C.R.E.T.A. Rome è lieta di invitarti alla mostra degli attuali artisti in residenza Alice Whish, Helen Earl e Avery Campbell. Gli artisti presenteranno le opere create durante la loro residenza a CRETA Rome, via dei Delfini 17, il 23 aprile ore 18:00.
C.R.E.T.A. Rome is pleased to invite you to the opening of the exhibition of the current artists in residence Avery Campbell, Helen Earl and Alice Whish. The artists will present the work created during their residency a CRETA Rome, via dei Delfini 17, 23 April from 18:00.
REIMAGINE - THE LOST FLORA OF ROME
This residency has given me the opportunity to focus on colouring porcelain, and to reimagine the flora found in the friezes of Roman buildings.
The friezes against the sky and on the tops of buildings are untouchable and when fallen from the buildings are small fragments some containing complete flowers. These have been my inspiration to reimagine the flora of Rome. I have created a series of pendants, where the flowers are now able to be touched, held, and worn. I have reimagined the flowers with colour, and form, freed from their 2 dimensional frieze the flowers are now animated against the body. The lost flora of Rome reminds us of the fragility of our natural world and that once a species is lost, it has gone from the living world and can only be reimagined.
Alice Whish is a contemporary jeweller who combines ceramic and precious metals to explore colour and the plasticity of form. While she now lives and works in Sydney Australia she grew up in the country where she developed a passion for the natural environment and knowledge of plants. Alice carefully selects materials, and techniques to illuminate an observation of environmental detail, revealing a layer of story. Slowly each work is an act of environmental awareness assisting the viewer to observe, connect and identify with the environment. Alice holds a BA in Visual Art and an MA in Art, her works are held in significant public collections, at state and national galleries in Australia.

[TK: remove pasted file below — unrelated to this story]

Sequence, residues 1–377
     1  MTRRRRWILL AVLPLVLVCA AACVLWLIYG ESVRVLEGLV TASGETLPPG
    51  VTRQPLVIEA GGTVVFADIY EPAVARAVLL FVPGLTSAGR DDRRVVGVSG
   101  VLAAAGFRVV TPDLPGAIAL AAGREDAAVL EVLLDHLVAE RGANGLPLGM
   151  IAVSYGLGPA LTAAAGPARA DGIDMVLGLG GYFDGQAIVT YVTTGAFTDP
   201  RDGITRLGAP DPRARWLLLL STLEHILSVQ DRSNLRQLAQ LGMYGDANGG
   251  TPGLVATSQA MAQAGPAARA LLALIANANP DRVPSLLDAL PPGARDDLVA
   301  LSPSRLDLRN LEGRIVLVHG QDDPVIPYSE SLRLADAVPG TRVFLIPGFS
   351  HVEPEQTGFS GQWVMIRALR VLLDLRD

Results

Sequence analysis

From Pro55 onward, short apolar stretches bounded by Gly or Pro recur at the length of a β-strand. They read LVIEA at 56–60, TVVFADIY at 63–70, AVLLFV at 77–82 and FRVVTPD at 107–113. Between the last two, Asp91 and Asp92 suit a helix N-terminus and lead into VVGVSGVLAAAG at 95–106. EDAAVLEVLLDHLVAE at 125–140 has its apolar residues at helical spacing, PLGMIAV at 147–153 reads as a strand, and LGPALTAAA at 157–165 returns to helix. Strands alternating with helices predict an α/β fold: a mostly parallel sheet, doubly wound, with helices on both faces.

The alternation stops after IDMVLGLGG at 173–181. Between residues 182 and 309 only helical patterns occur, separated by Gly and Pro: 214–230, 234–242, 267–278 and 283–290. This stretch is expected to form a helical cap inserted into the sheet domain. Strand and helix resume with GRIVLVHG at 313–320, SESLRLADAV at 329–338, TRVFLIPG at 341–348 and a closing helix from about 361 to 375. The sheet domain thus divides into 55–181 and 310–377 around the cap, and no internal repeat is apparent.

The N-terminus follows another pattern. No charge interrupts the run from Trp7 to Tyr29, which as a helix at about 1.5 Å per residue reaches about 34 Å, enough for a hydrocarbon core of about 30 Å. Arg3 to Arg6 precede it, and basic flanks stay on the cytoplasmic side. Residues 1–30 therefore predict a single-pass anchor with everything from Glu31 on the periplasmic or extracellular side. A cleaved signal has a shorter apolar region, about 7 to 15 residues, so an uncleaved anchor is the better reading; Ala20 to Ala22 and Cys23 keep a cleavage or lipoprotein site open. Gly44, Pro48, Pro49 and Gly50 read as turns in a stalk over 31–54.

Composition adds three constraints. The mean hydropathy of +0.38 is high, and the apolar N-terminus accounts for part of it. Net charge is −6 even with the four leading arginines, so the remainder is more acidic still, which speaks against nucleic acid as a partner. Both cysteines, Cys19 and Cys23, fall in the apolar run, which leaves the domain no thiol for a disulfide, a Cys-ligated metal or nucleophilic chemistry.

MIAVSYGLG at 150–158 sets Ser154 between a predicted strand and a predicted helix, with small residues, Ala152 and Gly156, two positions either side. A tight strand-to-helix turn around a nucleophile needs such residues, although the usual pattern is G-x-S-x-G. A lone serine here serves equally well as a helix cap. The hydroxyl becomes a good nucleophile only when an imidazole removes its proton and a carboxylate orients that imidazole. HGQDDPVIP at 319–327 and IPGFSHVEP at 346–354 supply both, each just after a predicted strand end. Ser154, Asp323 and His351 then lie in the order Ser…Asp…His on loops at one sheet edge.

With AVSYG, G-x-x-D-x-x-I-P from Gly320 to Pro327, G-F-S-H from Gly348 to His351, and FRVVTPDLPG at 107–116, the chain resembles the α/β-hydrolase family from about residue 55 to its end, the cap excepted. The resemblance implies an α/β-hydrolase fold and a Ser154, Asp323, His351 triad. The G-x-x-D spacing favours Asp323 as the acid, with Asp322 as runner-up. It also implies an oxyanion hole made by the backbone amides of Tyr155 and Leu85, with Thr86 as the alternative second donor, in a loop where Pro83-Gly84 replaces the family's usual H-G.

The rhythm and undulations of the drapery in paintings, sculpture, and frescoes; revealing and animating the body, uniting parts within a fold, reflected my bodily experience of Rome. I became a fluid body sweeping or being swept through the streets of Rome, caught up in the theatre of human histories. Drapery with wonderous turbulences of artistic skill also became a refuge enfolding me in mythical and religious narratives and thus softening the hardness and overpowering monumentality of grand architecture made from the earth’s crust.
These small works of fired porcelain and flame ware are my ‘elegant curiosities’ made in response to my experience of Rome.
Helen Earl’s practice combines ceramics with found, existent objects. Her concepts respond to place and human interactions with the natural world. Her uniquely poetic artworks are reflective of the transitory experience of place and the research of cultural and scientific narratives. She holds an MVA from SCA, Sydney University.
Helen enjoys working collaboratively with institutions and other artists in response to site and concepts that reflect upon current issues affecting natural environments. She has participated in collaborative projects such as The North Head Project; Adderton: House and Heart of Mercy and RAW Clay, Eramboo. She was the 2011 Artist in Residence at The Royal Botanic Garden Sydney and a 2013 recipient of a Bathurst Regional Art Gallery residency at Hill End, NSW.
This year Helen was a selected finalist in the 2022 Tom Bass sculpture Award and in 2021 joint winner of the Northern Beaches Environmental Art and Design Prize, Ceramics and Sculpture category and the Crackpot cup competition.
BOWLS OF BONE SERIES
This series of vessels is inspired by the Capuchin Crypt, and explores an individual and collective mortality. Vessels in this series are constructed as both the bones of a bowl, and a bowl constructed of bones. Building with spectate bone inspired components this series explores a reordering of individual life into a collective web of lives. These hollow fragile vessels offer space for reflection on an individual's role in a mountain of individual histories that are inescapably entwined.
Avery Campbell is a ceramic artist living in Detroit Michigan. After graduating with a BFA in Art History she continued her art practice in a local studio and attended a residency in Denmark. Avery’s work explores personal and existential themes and you can find more of her work on her website: AveryCampbell.com